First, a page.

When I was a young boy, I took a trip to New York with my family. I was 12 years old. One night a group of us went to the corner grocery store. I noticed a number of black kids playing about outside the store, and I asked the person I was with if they knew any of them, as the market was only a couple blocks from their home. They immediately responded with, “I don’t mess with any (n-word).” It was at that moment I was struck with fear. I had never felt this way, I didn’t know how to feel. I was raised in the whitest of white America in the Midwest and had never experienced any aspect of the African-American culture, beyond my readings about MLK and X, and my mother’s insistence we recognize authors of color in all of our studies. I was scared for the first time in my life of something I had no control over, I felt threatened without knowing why. It wasn’t until the next day that I could understand my fear was based upon the person I was with and not the people at the corner store who left me feeling curious.

 

The next morning our family was given an auto tour of Manhattan and several surrounding Burroughs including Harlem. As we drove past The Cotton Club and I noticed the streets were filled with black people, I said emphatically to my mother, “That’s who I saw last night mom, black people.”

 

She looked out to the gatherings of people going about their morning, turned to me, and provided me a life changing suggestion. “Thom, those aren’t black people you’re seeing, those are people,” and then she smiled and continued to finish her Tareyton cigarette, like Katherine Hepburn standing with a foggy backdrop, showing logical purpose.

 

Fast forward 30 years, and I am a teacher in a high school classroom. I finish my licensure and am fortunate to be given my first theatre program. During that summer, while working on the coming year, I scour multi-cultural scripts, the only one I know firsthand is Raisin in the Sun, and I keep it on my shelf for future consideration. I can’t find anything I like or understand. I’m having a hard time maintaining my goal of becoming the ‘multi-cultural teacher of the year’ if all I can produce are mainstream script ideas. I call a friend at a local high school with a unique demographic and ask for her suggestions.

 

She states calmly, “I’ve never used a multicultural script.” And I think about that for a moment, and I’m suddenly thrown off wondering how that could be possible. When I asked her why not, her response was my first lesson of a new cultural awareness that I suddenly realized had nothing to do with race and more to do with talent.

 

“I cast only the right person for the character or role,” she stated, and I was in the moment humbled. I suddenly felt like a racist, because rather than focusing on the content, I was centering my aim upon the color of every students’ skin that would eventually audition to be on my stage. Years later that lesson echoes in my mind every time I hold an audition. However, I wish that solution could remain that easy.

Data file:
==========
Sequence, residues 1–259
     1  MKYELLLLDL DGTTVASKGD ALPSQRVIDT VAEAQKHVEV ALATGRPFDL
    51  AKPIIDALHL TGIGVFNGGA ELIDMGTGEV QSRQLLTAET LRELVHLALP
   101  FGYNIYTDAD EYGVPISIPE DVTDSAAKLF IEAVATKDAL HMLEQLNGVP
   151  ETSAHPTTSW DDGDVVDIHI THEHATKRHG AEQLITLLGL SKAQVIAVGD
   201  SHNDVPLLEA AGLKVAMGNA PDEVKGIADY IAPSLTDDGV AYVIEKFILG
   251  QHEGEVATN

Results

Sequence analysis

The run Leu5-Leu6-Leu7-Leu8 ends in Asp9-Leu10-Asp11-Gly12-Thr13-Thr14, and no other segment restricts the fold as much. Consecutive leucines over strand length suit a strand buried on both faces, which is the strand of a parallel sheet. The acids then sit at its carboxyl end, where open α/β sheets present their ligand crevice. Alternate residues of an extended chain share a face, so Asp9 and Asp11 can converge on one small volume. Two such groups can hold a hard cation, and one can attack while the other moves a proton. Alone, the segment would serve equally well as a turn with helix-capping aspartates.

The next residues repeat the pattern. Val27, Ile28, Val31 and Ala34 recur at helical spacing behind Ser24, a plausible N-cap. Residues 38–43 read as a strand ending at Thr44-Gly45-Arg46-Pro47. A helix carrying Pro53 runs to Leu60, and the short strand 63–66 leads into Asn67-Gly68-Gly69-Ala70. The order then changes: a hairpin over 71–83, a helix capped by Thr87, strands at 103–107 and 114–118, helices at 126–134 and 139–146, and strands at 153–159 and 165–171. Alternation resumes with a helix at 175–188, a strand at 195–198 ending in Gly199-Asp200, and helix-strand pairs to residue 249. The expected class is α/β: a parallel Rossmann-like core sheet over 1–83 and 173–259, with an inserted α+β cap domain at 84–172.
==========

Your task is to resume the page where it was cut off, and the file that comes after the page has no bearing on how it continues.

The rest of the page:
In today’s world there is a greater need to understand diversity and how it works in our society. Gone are the days of suggesting that issues only apply to one minority. They apply to everyone, and right now as I write this I am questioning my own ability to be an open minded citizen of America that recognizes and respects every culture that I have the opportunity to encounter in my daily life. It’s not easy, but I didn’t come here to whine.

 

In recognizing My America I try to look to the future, given the present turn of events since our last election. We are in the middle of a crisis, that one group of people would suggest is overstated, while another group will cry out, ‘when will it ever be enough?’ Today, my focus is on racism and how it permeates our society to a greater level than even I was kept sheltered from in my formative years, beyond the television and books. Through my family’s eyes, I did experience Civil Rights and I did value its importance on our society. Today it seems all those battles in the 60’s have been summarily dismissed and we are faced with re-tooling our ability to open our minds to an incredibly diverse and beautiful world of people.

 

I don’t have the answers, but I do certainly have the passion and that desire and hope remains with me in every waking moment. My dreams are what fuel an idealism that allows the world to imagine being one.

 

In the words of John Lennon and Malcolm X, with liberties to merge ideas:

“If someone thinks that love and peace is a cliché that must have been left behind in the sixties, that’s his problem (Lennon) … I believe that there will be a clash between those who want freedom, justice and equality for everyone and those who want to continue the systems of exploitation” (Malcolm X).

While Eyes Were Walking

So many waves of opportunity

we stepped inside without knowing

only hopeful,

perhaps somewhere, sometime,

we might,

we could possibly

land here.

 

There were smiles all around,

we wondered in silence if it was real,

could this be

this way that provided a happy

medium,

a place to stay,

stand near.

 

Well I took a chance and noticed

you stood nearby me to, we were together,

create we did,

a memory to serve our time,

forever,

in this place in life,

sans fear.

 

I do know I will recall this time,

we danced the fire of magic in sphere,

circling our lives,

stand before a stage of peer,

always,

we can return here anytime

time is dear.

 

To the class of 2016, and all of their future believers.

©Ammo 2016 All-Night Drama Lock-In